Published on August 1, 2007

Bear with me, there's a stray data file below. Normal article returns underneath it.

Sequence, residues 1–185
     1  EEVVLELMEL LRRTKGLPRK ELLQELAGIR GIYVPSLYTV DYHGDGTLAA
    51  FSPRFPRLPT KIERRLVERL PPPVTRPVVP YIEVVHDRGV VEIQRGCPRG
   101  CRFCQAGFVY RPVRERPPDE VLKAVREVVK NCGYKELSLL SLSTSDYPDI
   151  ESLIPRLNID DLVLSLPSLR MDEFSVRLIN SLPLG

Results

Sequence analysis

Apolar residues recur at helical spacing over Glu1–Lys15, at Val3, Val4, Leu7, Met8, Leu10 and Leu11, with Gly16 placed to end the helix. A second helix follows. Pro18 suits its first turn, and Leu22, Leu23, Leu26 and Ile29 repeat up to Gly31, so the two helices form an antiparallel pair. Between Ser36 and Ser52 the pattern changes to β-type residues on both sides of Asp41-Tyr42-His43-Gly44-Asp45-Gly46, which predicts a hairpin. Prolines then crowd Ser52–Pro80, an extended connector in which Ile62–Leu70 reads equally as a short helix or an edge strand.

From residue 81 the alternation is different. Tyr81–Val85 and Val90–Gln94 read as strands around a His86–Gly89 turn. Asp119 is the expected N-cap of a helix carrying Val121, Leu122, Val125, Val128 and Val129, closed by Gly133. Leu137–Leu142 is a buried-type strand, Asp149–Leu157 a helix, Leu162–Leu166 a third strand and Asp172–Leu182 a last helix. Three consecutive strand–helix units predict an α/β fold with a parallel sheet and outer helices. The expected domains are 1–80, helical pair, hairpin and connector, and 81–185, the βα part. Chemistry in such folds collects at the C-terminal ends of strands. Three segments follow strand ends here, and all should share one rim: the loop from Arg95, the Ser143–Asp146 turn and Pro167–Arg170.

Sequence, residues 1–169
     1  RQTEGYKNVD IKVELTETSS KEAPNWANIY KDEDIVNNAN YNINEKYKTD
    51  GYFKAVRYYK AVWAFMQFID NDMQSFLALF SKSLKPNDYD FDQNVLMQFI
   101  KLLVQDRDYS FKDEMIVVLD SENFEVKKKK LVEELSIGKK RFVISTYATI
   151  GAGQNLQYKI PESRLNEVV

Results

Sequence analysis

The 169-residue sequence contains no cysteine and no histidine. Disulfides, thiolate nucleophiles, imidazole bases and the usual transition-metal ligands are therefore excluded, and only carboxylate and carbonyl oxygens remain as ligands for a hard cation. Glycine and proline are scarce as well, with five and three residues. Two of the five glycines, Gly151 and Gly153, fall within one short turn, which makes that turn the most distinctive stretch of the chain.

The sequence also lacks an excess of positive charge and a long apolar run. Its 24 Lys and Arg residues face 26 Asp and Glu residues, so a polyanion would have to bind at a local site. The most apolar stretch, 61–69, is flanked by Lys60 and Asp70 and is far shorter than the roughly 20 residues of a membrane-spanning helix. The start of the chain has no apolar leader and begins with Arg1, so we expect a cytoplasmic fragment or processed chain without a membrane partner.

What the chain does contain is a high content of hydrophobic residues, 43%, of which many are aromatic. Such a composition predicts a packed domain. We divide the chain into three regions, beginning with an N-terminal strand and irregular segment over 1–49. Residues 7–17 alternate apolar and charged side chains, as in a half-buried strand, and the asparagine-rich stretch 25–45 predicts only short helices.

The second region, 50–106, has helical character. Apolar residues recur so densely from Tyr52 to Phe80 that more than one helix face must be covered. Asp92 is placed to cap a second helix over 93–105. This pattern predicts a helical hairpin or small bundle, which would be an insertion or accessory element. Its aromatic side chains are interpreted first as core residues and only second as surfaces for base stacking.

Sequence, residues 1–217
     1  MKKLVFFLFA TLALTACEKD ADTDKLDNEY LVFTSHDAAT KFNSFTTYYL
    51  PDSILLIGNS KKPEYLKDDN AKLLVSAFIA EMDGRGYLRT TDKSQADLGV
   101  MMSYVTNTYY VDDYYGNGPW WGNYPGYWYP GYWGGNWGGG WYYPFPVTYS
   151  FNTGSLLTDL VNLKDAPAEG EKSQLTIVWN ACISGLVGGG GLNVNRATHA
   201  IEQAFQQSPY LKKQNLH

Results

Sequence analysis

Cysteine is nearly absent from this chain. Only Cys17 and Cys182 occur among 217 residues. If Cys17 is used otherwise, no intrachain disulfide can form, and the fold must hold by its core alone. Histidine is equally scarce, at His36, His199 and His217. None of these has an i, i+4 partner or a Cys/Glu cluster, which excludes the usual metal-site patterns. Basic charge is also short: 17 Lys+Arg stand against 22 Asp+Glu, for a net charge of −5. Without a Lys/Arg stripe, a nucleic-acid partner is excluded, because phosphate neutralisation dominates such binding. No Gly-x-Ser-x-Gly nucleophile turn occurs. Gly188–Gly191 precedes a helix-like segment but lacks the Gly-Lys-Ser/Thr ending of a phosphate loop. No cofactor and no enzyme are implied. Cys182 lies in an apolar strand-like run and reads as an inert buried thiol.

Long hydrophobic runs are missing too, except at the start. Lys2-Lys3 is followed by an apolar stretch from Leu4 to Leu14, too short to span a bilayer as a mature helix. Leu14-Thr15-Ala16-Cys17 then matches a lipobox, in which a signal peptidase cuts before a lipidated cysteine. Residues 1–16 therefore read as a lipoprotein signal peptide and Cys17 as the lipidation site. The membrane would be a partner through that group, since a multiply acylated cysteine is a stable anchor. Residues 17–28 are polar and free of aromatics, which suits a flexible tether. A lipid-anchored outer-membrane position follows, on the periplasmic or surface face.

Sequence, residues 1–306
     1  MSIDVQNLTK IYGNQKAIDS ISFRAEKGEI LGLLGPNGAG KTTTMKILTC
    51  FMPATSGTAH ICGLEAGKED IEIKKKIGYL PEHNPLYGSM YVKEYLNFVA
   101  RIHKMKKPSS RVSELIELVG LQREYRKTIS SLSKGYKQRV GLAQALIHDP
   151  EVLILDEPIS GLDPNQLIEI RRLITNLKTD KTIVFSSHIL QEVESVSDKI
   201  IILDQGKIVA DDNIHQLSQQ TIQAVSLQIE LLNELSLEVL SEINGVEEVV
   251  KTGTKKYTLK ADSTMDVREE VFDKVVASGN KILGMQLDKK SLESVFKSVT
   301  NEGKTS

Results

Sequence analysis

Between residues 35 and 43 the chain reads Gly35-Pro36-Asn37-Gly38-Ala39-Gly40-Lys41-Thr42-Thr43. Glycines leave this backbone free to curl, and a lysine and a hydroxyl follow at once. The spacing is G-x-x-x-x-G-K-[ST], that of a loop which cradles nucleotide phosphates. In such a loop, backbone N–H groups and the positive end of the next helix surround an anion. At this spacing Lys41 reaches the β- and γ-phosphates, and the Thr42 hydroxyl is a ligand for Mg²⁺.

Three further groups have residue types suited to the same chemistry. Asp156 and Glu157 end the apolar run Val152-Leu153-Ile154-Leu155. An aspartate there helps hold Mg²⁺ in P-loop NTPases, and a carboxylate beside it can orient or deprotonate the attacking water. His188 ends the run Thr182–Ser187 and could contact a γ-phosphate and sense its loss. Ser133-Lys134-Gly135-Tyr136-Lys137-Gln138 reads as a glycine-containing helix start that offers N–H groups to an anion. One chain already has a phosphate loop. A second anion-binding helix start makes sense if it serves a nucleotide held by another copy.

A Comparative Study ofWood and Aluminum Baseball BatsAlan M. NathanUniversity of Illinois at [email protected]://www.npl.uiuc.edu/~a-nathan/pob: A Comparative Study of Wood and Aluminum Baseball Bats Alan M. Nathan University of Illinois at Urbana-Champaign [email protected] http://www.npl.uiuc.edu/~a-nathan/pob Introduction Some Basics Wood vs. Aluminum Some Examples Summary/Conclusions Slide2: Introduction: Description of Ball-Bat Collision violent collision forces large (andgt;8000 lbs!) time is short (andlt;1/1000 sec!) bat compresses ball kinetic energy potential energy lots of energy dissipated ball deforms bat vibrations! performance metric: ball exit speed vf Slide3: vball and vbat 'Collision efficiency' (eA) For superball on massive, rigid bat … eA 1 For baseball on typical bat … eA 0.2 Recoil of bat Energy dissipated in ball and bat What Does vf Depend On? vf = eA vball + (1+eA) vbat Recoil Energy of Bat: m/Meff: Recoil Energy of Bat: m/Meff Bat recoil depends on…. mass M mass distribution location of CM MOI ICM impact location (z) Energy Dissipation: The COR: Energy Dissipation: The COR Coefficient Of Restitution: 'bounciness' of ball in CM frame: Ef/Ei = COR2 massive rigid surface: COR2 = hf/hi 0.25 COR 0.5 ~3/4 CM energy dissipated! depends (weakly) on impact speed depends on surface the bat matters too! Slide6: Effect of Bat on COR: Vibrations COR depends strongly on impact location Slide7: Putting Everything Together... 'sweet spot' depends on collision efficiency recoil factor COR how bat is swung vf = eA vball + (1+eA) vbat Slide8: Aluminum vs. Wood Inertial Effects: mass and mass distribution recoil bat swing Dynamic Effects COR: the trampoline effect Slide9: Generic Wood-Aluminum Comparison Conclusion: Inertial effects seem to favor wood Slide10: Compressional energy shared between ball and bat Ball very inefficient (~25% restored) Wood Bat hard to compress little effect on COR Aluminum Bat compressible through 'shell' modes COR larger The 'Trampoline' Effect Slide11: Generic Wood-Aluminum Comparison Conclusion: Trampoline effect favors aluminum The Trampoline Effect: A Closer Look: The Trampoline Effect: A Closer Look Bending Modes vs. Shell Modes k R4: large in barrel little energy stored f (170 Hz, etc) andgt; 1/ energy goes into vibrations k (t/R)3: small in barrel more energy stored f (2-3 kHz) andlt; 1/ energy mostly restored Slide13: Tracking the Energy Example 1: Effect of Wall Thickness: Example 1: Effect of Wall Thickness k t3 t make wall thinner add mass to keep CM, ICM fixed Conclusion: thinner is better! Example 2: Redistributing the Mass: Example 2: Redistributing the Mass make wall thinner add mass at different locations Conclusion: barrel loading better! Example 3: “Corking” a Wood Bat (illegal!): Example 3: 'Corking' a Wood Bat (illegal!) Drill ~1' diameter hole along axis to depth of ~10' Smaller mass larger recoil factor (bad) higher bat speed (good) Is there a trampoline effect? Slide17: Not Corked DATA Corked COR: 0.445 0.005 0.444 0.005 Conclusions: no tramopline effect! corked bat is WORSE even with higher vbat Bat Research Center, UML, Sherwood andamp; amn, Aug. 2001 calculation Example 4: Ash vs. Maple (legal!): Example 4: Ash vs. Maple (legal!) (maple) 1.085 (ash) equal mass Rmaple = Rash/1.042 k ~ R4 kmaple = 0.92 kash more compression energy stored in maple Conclusion: B2 had no real advantage! Summary and Conclusions: Summary and Conclusions The physics of ball-bat collision is well understood There are significant differences between wood and aluminum mass distribution trampoline effect Wood bats cannot easily duplicate trampoline effect Aluminum bats work better!